So what do I say?
I say I’ll hold the space for you. In the darkest of times, I will light a candle. In the darkest of times, I will be light. In the darkest of spaces, I will hold a hand out to you. I will walk silently with you, I will listen, I will share a quiet word, I will create space for you to shout. In the darkest of times, you don’t have to be alone. THAT is what I will say to you.
I say even if it takes 6 months, or even if it takes 5 years; there isn’t a posture I CAN’T do. There aren’t verbal cues, I don’t want to try and be able to hear. Happy Baby, I teach it! Downward Facing Dog, same thing. Am I aware? Yes. Does it all take time? YES! But if we say never, then what we are saying is that the event that brought harm into our lives will always live as a dominant force. I am not willing to concede that.
So my hope and desire is that the Living Mangaliso Method becomes an incredible standard of what Trauma informed yoga can be, when healing and wholeness is at the foundation. When we celebrate that the reality of all things; is YOU! You are an “I.” You are a person, who inhabits a body. You are a person, who inhabits a body and takes up space. Those are very good things. If it takes you 6 months, if it takes you a year, if it takes you five years or more; we will walk with you. You will inhabit your body! You will find ease within your breath. You will own the home that is you! You will take up residence. You will expand.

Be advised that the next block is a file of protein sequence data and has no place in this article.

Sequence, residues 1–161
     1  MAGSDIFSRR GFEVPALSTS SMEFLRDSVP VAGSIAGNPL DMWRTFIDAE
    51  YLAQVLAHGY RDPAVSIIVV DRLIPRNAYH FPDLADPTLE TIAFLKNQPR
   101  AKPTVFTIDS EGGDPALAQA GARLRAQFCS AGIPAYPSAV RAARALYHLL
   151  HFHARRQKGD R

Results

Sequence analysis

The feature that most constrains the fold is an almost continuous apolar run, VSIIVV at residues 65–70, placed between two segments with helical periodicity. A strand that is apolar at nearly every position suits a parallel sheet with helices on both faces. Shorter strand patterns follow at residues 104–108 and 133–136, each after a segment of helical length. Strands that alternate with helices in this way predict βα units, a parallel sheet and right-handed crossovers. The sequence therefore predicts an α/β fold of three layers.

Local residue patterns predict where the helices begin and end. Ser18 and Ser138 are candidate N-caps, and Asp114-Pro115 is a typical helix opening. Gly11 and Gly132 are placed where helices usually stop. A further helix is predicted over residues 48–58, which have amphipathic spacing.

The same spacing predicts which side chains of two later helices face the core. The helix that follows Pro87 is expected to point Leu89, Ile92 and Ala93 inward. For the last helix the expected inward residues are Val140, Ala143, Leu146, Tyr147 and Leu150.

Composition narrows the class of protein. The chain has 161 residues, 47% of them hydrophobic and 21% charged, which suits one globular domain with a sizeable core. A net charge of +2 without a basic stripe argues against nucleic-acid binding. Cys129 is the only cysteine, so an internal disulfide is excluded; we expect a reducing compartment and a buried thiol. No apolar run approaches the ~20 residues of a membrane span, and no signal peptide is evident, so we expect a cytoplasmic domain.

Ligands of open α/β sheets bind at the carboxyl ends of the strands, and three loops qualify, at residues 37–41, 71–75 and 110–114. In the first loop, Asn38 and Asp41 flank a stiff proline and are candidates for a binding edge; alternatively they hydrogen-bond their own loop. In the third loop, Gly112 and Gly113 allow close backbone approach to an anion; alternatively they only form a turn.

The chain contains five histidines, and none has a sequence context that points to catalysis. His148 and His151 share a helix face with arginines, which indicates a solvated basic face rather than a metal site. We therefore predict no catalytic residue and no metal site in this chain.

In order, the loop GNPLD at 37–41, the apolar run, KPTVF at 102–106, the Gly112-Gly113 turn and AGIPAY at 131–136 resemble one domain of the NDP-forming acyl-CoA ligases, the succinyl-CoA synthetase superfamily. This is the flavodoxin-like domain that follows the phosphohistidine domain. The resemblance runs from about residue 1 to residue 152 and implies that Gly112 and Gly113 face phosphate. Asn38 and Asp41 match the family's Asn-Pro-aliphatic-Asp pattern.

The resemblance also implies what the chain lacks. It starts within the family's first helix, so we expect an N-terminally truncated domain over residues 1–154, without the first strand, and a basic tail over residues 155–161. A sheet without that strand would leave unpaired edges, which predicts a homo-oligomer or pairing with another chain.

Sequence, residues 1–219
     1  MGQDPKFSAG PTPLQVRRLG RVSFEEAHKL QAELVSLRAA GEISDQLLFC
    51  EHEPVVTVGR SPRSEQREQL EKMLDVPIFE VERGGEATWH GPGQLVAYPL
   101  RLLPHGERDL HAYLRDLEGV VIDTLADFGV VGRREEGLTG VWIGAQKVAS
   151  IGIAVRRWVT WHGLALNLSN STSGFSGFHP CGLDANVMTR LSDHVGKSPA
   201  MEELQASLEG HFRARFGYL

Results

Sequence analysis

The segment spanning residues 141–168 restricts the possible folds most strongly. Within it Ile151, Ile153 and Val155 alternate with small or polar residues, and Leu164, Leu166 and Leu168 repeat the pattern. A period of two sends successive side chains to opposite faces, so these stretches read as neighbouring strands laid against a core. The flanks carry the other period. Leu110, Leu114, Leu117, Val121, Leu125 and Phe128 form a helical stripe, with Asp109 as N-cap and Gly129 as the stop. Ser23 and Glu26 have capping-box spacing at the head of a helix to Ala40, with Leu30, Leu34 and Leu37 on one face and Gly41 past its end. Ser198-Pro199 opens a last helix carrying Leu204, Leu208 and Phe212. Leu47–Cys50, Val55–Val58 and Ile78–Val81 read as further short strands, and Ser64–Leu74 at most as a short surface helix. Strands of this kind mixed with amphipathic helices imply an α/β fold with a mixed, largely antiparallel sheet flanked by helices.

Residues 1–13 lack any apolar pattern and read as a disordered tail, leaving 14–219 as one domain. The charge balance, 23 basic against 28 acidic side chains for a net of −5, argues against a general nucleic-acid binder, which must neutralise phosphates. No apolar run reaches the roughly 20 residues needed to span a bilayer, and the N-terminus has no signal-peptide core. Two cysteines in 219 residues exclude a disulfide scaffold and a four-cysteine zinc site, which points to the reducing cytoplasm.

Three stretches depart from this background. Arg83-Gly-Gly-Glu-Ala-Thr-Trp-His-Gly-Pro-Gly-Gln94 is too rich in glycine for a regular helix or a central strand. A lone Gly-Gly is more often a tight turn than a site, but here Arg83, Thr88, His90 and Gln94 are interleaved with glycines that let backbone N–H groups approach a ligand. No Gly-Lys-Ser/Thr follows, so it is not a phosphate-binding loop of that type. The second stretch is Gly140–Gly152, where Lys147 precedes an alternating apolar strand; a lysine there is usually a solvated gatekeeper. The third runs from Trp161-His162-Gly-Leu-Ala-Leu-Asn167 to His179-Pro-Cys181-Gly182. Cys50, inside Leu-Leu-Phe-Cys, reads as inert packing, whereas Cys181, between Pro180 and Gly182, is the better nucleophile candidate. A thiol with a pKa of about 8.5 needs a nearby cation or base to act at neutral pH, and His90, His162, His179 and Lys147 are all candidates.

This isn’t hype. This is the story of my life. I still struggle with certain cues. I still struggle with the reality and need of food, for the physical body to thrive. I still struggle. I like certainty. I like consistency. I like freedom more. It is a journey. A journey of healing. A journey of hope, of strength, of passion and compassion. It is walking with and using stillness, silence, meditation, focus and rest. It is going slowly in the physical asana practice. Allowing the body, breath, and awareness to catch up with one another. Allowing them to UNITE. For that is yoga. Yoga is the bringing together; the body, the breath, and awareness. It takes time for breath and movement to align. It takes time to learn how one can move and be and inhabit their own body. It takes time to bring the mind and awareness into that mix. It all takes time.
WHAT DID I PROMISE YOU? WHAT AS LIVING MANGALISO DID I PROMISE YOU?
The journey is hard! RIGHT!?!?! JFK’s speech! We go to the moon and endeavor to do other things, not because they are easy, but because they are hard.
YOU are WORTH the EFFORT. You are worth walking with, empowering you back into your life, into your body, into your practice.
I will never tell you that you can’t do a posture. I will walk with you. When you are ready there is nothing you can’t do. The very real shadowlands of the trauma you endured, don’t get to lay their tentacles into the entirety of your life.
You are an I. In your personhood you inhabit a body, in inhabiting a body you take up space. Those are all great things.